Funerals are for the living
Planning it with your family ensures your funeral is help for them.
Contrary to what you might think, planning ahead for your own funeral doesn’t spare your family grief when you die. They are going to miss you no matter what. Instead of making it easier, planning it without them could be making things more difficult.
Funerals are not for the dead but for the living. All the activities at a funeral are intended to benefit those who are left behind. The opportunity to express a heartfelt good bye in words or gestures. The benefit of receiving the support and comfort of family and friends. The sharing of our hope for the future now that our loved one has died. All these things don’t impact the one who has gone, but rather all of us who remain.
This means a shift from planning it for them, to planning it with them. When you share your thoughts, cares, aspirations and even disappointments with those closest to you, you begin a conversation that shapes what would be helpful and appropriate for your funeral.
Since funerals are for the living we should talk about them with our loved ones, while we are living. It can make all the difference.
Your confession shapes your funeral.
Death challenges you to make a statement about what you believe.
The presence of death challenges you to consider the meaning of life. When you think about your mortality you are on a personal journey of faith as well as a communal one. It forces you to consider what claims Christ makes on your funeral, and what message you want to share with those left behind, from our closest loved ones to our most casual acquaintances.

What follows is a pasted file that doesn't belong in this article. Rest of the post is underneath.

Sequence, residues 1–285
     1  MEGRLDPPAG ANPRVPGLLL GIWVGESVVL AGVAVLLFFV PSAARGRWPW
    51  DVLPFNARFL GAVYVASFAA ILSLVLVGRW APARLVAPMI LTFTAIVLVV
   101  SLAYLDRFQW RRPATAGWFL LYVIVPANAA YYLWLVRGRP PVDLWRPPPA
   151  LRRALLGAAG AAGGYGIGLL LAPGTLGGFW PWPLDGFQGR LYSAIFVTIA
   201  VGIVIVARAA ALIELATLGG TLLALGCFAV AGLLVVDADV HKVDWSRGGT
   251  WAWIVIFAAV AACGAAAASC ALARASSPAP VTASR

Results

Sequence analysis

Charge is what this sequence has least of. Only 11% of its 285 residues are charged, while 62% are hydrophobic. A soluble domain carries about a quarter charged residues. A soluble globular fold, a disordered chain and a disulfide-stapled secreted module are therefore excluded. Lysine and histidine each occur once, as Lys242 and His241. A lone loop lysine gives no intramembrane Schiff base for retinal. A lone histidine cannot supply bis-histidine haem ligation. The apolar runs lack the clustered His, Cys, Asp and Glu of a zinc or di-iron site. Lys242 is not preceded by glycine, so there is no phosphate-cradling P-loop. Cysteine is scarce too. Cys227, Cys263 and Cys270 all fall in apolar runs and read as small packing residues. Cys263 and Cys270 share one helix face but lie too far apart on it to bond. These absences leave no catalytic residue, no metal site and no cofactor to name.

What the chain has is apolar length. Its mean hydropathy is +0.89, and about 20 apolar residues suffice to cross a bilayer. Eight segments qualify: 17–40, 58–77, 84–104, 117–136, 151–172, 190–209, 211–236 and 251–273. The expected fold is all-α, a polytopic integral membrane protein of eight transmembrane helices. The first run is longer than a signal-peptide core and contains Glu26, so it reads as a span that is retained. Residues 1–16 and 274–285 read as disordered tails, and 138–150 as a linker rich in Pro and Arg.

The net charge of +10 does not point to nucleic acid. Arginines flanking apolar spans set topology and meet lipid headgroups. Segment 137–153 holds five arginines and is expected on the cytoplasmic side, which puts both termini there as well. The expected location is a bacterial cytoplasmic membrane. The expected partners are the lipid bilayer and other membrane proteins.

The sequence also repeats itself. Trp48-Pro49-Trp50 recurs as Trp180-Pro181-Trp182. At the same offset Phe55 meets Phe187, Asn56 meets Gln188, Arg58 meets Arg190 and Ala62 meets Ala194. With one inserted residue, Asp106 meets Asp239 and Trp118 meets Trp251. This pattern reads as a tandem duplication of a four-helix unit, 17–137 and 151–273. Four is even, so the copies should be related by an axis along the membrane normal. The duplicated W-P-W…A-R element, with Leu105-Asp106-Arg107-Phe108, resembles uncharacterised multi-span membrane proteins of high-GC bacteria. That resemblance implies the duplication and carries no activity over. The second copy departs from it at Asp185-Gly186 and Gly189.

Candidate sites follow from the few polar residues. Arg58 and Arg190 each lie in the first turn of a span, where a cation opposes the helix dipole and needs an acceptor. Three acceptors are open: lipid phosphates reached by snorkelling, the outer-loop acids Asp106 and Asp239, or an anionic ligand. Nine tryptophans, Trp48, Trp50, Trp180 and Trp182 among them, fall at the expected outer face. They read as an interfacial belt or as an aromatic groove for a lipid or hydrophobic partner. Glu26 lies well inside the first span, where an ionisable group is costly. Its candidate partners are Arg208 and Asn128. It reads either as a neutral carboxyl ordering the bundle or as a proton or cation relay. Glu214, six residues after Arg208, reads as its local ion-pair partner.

The promises of the gospel make the funeral event make sense, and it therefore should be well thought through and discussed with your family and minister or elder. How do you regard the body at death? What is the best way to show what you believe about the resurrection of the dead? Who should be involved in the funeral? What should be said or sung? The funeral itself is like a last profession of faith.
This does not mean that every Christian funeral needs to be exactly the same. It does mean that it should speak to the same truths. Christ has died, Christ has risen, Christ will come again. This is the bedrock of faith for all Christians and beckons you to make a clear statement about this new reality as you leave this earth.
Having a funeral that makes a clear faith statement will take some careful thought and open discussion. Talking about it together can make all the difference.
There can be real comfort at the graveside.
It’s helpful to acknowledge how difficult it is to say goodbye.
The graveside service can be an important, final part of the funeral experience, and a very difficult one. This is the spot you say your final goodbye and leave your loved one to rest. It can feel hard to walk away–to really leave them. Having words of comfort that acknowledge how difficult and sad this feels is vital.
It’s easy to get caught up in making things convenient, thinking of others and putting the funeral reception as a main priority, instead of focusing on gathering together and preparing for that final goodbye.
Sometimes, families wish to have the graveside service first to get the hard part ‘out of the way’. Whatever the reasons, families will benefit from talking more about the final goodbye. It’s important not to rush it, and to be prepared for how it will feel. Having a funeral service, hearing words of comfort and sharing memories is a good preparation for that last goodbye.